The corner of Bridge Street and Thompson's Lane seems to have been a bit of a blighted spot for restaurants in Cambridge. Over the years I have known this space to be a Garfunkel's, some sort of racing car themed American diner, the now apparently out of business Edwinns, and most recently Cote.

So on a Saturday night when myself and the male companion person had decided that we would have a change from the excitement of sitting on the sofa and watching telly, we decided to give the newest Bridge Street incumbent a go for dinner. I'd never heard of Cote before, but have subsequently found out that it's a small chain mainly based in the south of England. The Cambridge outpost occupies quite a big space, but one that is divided up by various pillars and walls into several sections. They've obviously done their best to maximise table numbers, but (just about) left enough space to avoid having to sit in the lap of your fellow diners. There was lots of nice low lighting and and candles in the evening, and it all led to quite a cosy atmosphere.

We ordered some olives and pissaladiere-style flatbread to start with, from a menu that is vaguely French but more pan-European really. The olives were perfectly pleasant, and the bread topped with Reblochon cheese was like a nice, crispy cheese on toast. We both choose the seafood linguine for our main courses, and this came with a good quantity of mussels, prawns and clams. I was expecting more of a sauce for the pasta rather than individual bits of tomato and garlic, but it was all pretty good none the less.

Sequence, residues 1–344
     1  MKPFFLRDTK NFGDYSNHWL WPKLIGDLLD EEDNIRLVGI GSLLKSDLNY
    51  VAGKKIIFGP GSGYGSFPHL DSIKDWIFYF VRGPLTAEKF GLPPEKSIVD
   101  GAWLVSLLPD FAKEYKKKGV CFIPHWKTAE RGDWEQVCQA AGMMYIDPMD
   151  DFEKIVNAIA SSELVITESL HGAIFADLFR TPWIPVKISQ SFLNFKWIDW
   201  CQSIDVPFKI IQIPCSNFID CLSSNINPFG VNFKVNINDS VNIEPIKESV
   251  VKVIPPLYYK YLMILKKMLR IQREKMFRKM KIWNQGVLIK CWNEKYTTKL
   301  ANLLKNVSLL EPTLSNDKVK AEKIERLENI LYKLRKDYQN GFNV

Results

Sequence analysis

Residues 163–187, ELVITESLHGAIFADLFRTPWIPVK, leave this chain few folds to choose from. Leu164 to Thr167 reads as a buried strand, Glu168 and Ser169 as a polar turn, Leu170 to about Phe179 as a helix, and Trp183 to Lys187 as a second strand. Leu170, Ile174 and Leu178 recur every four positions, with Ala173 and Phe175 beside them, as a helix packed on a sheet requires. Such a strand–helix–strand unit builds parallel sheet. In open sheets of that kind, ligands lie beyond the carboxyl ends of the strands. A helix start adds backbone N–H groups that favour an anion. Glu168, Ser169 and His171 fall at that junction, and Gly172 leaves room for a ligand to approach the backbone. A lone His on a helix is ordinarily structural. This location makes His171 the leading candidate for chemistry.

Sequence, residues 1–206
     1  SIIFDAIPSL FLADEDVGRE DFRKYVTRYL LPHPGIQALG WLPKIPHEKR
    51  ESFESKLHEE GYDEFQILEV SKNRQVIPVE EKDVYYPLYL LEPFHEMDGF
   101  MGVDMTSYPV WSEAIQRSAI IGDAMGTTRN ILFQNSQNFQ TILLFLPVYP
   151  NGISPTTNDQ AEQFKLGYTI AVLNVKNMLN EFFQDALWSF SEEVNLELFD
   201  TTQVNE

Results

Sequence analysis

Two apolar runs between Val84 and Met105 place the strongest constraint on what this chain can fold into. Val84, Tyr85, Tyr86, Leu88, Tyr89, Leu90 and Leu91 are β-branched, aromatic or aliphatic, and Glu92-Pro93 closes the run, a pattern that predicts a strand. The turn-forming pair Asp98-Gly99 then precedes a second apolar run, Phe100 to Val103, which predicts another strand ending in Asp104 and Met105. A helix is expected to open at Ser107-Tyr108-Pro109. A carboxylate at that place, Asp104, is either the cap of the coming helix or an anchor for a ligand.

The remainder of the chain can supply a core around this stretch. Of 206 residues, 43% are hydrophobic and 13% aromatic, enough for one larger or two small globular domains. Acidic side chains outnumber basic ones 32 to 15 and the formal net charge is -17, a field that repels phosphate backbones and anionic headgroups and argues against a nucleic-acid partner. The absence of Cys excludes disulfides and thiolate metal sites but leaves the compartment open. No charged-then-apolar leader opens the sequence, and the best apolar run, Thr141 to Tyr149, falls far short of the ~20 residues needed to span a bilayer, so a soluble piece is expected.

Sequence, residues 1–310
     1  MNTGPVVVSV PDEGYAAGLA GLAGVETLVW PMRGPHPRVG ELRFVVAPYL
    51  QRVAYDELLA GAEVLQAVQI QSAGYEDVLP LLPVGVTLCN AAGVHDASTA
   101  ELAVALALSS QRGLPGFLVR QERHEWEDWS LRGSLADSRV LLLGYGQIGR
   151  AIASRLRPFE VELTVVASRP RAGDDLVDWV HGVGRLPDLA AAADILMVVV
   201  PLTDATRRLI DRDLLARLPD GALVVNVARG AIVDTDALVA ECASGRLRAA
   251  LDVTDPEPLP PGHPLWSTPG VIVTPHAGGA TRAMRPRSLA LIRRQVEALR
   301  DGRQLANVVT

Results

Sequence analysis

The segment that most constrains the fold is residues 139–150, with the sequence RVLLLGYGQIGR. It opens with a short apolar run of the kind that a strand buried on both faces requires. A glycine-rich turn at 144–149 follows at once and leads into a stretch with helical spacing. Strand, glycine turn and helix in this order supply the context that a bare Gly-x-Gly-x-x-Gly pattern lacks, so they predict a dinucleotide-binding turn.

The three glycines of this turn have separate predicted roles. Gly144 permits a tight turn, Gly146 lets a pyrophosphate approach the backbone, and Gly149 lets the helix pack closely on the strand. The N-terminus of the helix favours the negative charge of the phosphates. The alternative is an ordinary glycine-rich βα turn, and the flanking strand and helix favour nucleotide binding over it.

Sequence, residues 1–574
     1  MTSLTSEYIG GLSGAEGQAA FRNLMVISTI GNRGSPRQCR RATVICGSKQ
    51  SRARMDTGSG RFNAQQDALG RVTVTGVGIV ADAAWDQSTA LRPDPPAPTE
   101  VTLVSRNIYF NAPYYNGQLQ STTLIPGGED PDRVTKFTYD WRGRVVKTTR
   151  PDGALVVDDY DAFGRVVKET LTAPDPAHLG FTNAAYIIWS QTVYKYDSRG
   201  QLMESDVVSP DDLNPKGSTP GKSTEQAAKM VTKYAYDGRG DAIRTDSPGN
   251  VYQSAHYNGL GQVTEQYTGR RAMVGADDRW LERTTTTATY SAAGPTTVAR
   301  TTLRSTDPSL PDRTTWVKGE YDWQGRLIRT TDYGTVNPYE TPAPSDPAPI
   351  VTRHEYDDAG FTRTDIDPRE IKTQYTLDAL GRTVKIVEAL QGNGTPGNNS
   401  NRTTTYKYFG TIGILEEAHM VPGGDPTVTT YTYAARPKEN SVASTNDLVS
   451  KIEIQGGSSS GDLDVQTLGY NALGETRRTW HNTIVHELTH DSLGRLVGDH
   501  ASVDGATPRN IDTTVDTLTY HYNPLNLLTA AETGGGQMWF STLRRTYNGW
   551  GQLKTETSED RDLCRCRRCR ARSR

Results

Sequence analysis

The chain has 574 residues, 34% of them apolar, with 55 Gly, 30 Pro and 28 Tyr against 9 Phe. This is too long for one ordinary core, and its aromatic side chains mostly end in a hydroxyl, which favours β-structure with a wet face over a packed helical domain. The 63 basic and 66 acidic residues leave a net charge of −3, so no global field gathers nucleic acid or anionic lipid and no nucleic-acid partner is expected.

This all left just enough room to squeeze in a pudding. I had a perfectly acceptable but not amazing chocolate fondant, while the male companion person had a highly praised creme caramel. Service was attentive if a little slow at times, but actually the spacing between courses probably allowed us to fit in more food overall (which can't be a bad thing). The bill for all of the above, with a couple of alcoholic and non-alcoholic drinks, a coffee, and service was around £60, which I thought was quite good value. Although I noted that they added 12.5% service automatically, rather than let you decide an amount, which I always think is slightly dubious but possibly not the worst crime in the world.
But that issue aside Cote was actually a very nice place to have dinner. The service was good, they bring you water without asking, and the food was fresh and tasty. And I guess the fact that Cote is part of a chain shouldn't diminish my enjoyment of all of that.

21-24 Bridge Street
Cambridge CB2 1UF